Other changes in government actions that have affected income and wealth inequality are the decline of minimum wage, the explosion of executive pay, the decline in unionization and taxing wages, not wealth.

“The government has increased taxes on wages but not on wealth,” Quarm said. “They’ve increased Social Security tax, reduced inheritance tax and reduced capital gains. We’ve had big cuts that have disproportionally benefited the rich.”

Each of these these factors are determined by politicians which, in turn, are decided by citizens’ decisions at the ballot box.

Another panelist, Terry Grundy, community impact director at United Way of Greater Cincinnati and adjunct associate professor of community planning at the University of Cincinnati, believes we have the ability to make positive economic change in our city.

“I’m not an economist, I’m not a sociologist, so I can’t tell you in economic terms if the middle class is being squeezed hard or not,” Grundy said. “But I can tell you one thing, the middle class is vanishing from the city of Cincinnati.”

Since the 1950s, the city of Cincinnati’s population has been getting smaller and poorer, which isn’t sustainable. “This is the ‘Detroit-izing’ of cities,” he added.

The largest percent of the city’s population don’t have a choice to live where they want because they cannot afford it. In order to solve this, Cincinnati’s rebirth lies in attracting new demographics.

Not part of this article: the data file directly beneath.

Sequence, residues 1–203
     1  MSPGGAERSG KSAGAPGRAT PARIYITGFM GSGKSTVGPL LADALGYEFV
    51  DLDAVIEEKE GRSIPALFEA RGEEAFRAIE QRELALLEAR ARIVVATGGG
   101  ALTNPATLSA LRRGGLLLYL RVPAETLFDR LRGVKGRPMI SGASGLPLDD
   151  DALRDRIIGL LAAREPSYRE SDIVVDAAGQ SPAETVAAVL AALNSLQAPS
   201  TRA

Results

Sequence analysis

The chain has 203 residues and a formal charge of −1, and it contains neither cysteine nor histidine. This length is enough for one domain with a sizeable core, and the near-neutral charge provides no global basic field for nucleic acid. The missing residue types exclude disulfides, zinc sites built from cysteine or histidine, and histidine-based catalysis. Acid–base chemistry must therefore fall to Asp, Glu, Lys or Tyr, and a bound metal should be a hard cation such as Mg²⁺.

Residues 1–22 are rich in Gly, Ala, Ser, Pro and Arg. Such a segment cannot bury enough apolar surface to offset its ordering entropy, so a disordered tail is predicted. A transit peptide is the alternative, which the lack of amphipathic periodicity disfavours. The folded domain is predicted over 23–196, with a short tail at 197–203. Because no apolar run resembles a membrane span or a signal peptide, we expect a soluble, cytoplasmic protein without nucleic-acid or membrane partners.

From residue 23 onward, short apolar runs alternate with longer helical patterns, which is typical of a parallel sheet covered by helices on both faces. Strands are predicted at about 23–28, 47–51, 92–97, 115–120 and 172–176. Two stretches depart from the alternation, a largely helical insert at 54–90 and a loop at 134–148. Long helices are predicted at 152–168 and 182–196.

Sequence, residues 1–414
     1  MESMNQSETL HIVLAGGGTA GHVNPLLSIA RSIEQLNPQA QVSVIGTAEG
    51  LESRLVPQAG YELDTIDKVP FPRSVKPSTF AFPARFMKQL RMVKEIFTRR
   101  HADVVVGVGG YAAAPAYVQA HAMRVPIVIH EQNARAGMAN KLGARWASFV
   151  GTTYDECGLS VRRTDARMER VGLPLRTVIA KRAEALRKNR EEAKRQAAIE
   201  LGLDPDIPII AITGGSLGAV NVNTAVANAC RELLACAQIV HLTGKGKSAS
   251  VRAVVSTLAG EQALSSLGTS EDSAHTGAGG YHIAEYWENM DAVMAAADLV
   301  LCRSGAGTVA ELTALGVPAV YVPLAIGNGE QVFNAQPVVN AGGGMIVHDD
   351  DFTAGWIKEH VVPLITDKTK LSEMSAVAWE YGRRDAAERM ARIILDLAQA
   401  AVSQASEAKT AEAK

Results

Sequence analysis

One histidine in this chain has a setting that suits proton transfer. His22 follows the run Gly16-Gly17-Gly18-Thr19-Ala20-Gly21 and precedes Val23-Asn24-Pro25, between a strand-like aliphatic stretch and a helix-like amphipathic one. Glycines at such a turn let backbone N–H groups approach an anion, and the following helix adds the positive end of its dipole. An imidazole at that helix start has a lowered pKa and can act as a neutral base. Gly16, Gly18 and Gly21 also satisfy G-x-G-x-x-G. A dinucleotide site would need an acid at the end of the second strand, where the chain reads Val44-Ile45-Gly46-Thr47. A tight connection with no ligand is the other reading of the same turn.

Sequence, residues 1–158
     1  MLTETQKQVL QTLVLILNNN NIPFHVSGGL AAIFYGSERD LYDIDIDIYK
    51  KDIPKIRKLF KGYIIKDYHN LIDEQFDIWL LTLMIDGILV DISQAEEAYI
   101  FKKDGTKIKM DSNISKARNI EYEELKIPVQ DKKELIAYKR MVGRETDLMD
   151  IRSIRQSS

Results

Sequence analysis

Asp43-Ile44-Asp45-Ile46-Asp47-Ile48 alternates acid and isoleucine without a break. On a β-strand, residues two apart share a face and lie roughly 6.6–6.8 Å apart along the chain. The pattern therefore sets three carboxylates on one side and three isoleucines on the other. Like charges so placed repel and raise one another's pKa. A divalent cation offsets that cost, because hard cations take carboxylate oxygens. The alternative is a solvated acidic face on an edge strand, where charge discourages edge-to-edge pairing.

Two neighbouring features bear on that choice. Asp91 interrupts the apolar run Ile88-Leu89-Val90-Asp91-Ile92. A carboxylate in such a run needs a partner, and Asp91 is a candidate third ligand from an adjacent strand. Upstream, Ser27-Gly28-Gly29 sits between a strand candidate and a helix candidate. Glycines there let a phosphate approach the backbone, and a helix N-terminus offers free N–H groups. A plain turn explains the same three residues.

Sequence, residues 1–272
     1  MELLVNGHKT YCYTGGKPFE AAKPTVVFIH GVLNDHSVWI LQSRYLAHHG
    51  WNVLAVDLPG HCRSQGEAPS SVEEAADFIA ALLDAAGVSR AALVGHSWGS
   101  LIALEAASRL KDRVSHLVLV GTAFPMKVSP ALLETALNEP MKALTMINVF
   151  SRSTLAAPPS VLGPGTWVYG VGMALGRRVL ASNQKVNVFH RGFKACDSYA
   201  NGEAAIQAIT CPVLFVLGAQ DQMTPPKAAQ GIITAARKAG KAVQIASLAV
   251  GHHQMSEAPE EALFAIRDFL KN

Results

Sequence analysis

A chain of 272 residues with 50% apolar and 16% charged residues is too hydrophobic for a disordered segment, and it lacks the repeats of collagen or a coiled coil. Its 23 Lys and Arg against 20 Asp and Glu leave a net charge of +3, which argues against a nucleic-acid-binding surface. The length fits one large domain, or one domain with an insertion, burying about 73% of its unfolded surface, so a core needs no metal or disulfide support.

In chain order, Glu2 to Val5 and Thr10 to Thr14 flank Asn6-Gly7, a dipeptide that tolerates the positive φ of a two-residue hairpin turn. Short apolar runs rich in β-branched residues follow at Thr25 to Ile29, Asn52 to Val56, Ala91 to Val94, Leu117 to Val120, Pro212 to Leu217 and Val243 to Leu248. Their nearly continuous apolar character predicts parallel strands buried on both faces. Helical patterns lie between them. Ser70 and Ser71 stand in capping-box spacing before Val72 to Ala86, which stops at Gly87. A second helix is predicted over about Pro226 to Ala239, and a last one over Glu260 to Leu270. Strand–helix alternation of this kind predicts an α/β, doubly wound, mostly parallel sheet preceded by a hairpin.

Underscoring his point, Grundy said, “Ward, June, Wally and Beaver have left and they’re not coming back.”

Among the demographics that Cincinnati needs to attract so it can jumpstart the economy are empty nesters, young professionals and new Americans. Also, the city is in high-demand for a group dubbed “the Bohemian cluster,” which Grundy said includes artists, gays, lesbians and the multiply-pierced.

“The question to these urbanist matters are, are we going to succeed in attracting those demographics in this city and hold the ones that we have? If not, last one to leave turn out the lights,” Grundy said. “This is an argument of who should be taking care of these problems and the burden of maintaining people in Cincinnati.”